In North America, self disclosure is both very common and a direct sign of trust and friendship. Self disclosure is measured in terms of 1. how common knowledge of the information is, and 2. how personal the information is. Although self disclosure can bring us closer to people and allow us to connect with them on a deeper level, it also has its downsides.
On a test that I recently took in my Human Communication and Interaction class, there was a quote that read: “. . . when you permit yourself to be known, you expose yourself not only to a lover’s balm, but also to a hater’s bombs. When he knows you, he knows just where to plant them for maximum effect.”
Let that sink in.
Opening up to someone that you trust can either be a significantly rewarding and comforting feeling, or one of absolute regret and embarrassment. I’m sure that we have all been in both situations, hopefully the positive one more than the other.
I, myself, am a very open person, and find that sharing my personal experience can often help people in some way, whether that be inspiring them to do something amazing, discouraging them from doing something stupid, or simply letting them know that I completely understand where they are coming from. However, this has definitely come back to bite me in the butt on more occasions than I would like to admit. The idea of being raw and real with people genuinely entrances me, as I have talked about in my previous blog post, be real, unique is chic.https://emmakdietze.com/2018/08/08/be-real-unique-is-chic/
In my human communication textbook, 5-10 questions were discussed that people should ask themselves before engaging in a high level of self disclosure.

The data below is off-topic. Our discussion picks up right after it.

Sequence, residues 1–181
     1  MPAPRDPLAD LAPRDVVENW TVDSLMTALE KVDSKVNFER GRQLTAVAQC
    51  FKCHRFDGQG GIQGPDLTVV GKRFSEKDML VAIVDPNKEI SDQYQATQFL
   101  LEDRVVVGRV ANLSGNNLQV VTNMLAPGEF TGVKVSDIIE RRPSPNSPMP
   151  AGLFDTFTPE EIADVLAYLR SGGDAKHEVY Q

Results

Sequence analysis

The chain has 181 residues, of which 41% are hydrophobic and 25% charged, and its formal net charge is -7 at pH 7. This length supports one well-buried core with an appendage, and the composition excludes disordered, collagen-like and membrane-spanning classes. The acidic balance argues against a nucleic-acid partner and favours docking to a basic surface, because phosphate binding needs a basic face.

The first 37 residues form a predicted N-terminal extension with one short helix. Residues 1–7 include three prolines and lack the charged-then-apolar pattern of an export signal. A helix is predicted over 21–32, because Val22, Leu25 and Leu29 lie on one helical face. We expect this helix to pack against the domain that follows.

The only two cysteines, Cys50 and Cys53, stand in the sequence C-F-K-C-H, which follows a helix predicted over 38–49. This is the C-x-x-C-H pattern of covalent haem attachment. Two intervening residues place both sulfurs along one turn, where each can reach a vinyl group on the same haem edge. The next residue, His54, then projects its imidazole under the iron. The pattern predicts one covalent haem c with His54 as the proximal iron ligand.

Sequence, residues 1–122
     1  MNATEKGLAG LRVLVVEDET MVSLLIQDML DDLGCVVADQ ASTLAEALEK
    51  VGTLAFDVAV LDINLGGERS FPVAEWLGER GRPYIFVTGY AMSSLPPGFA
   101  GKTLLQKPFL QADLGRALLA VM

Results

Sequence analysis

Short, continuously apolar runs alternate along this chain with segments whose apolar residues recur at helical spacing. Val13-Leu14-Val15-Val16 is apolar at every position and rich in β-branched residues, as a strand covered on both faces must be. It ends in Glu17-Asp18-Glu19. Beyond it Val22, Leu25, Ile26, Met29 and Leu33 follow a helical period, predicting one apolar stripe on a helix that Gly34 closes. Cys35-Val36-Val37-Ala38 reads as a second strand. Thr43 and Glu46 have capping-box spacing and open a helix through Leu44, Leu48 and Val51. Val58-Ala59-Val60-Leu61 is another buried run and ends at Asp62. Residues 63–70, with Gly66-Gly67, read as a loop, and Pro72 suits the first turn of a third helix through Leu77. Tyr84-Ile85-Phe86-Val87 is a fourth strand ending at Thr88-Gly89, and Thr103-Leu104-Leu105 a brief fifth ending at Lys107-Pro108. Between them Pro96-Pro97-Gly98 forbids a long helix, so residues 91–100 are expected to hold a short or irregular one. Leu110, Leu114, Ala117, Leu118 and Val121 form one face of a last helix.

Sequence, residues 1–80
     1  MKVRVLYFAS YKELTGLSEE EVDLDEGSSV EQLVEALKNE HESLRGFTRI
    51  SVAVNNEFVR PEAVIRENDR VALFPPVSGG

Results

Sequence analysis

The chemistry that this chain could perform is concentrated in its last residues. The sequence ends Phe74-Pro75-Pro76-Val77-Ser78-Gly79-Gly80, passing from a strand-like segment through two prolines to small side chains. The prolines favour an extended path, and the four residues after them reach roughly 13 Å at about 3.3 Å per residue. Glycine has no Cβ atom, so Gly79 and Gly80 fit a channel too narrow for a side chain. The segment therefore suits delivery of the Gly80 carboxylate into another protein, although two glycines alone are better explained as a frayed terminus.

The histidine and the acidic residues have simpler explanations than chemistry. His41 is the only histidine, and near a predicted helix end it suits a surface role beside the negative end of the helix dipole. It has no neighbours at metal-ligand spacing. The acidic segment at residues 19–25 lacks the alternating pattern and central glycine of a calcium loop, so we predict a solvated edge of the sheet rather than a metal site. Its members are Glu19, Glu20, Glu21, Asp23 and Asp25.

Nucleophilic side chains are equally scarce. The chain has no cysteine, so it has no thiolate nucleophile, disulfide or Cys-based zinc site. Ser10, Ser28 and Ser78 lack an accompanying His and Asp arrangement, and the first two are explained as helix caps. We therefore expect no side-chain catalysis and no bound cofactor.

Here are a few that I considered very important
- is the self disclosure reciprocated?
- does the person that you are self disclosing to care?
- is the timing appropriate?
- is the environment appropriate?
Due to my less than fortunate past experience with engaging in self disclosure, I am often overly cautious about sharing things that I consider very personal to me. Even on the somewhat rare occasions when I do share, I often play things off as a joke and refuse to let emotion accompany my personal information. The two have often been an awful pair on one too many occasions: emotion and personal information.
My purpose in writing this is not for sympathy. Instead, it is to encourage all of my readers to care and listen. When people tell you things that are clearly meaningful to them, listen. Show them that you care about them and about what they are saying. Put down your phone, your laptop, your book, your pen, and be in the moment. Make eye contact to portray your level of care. Nod, smile, shake your head, frown. Respond, but don’t interrupt. Simply keep in mind how much trust they are placing in you when they begin to self disclose. Put yourself in their shoes and consider how you would feel if they were treating you the way that you were treating them.
This has hurt me, and I don’t want others to have to experience the same pain that I have. Next time that someone begins to speak to you about personal things, listen, look, and care.
Just think: are you going to be the lover’s balm, or the hater’s bombs?
Thanks for reading,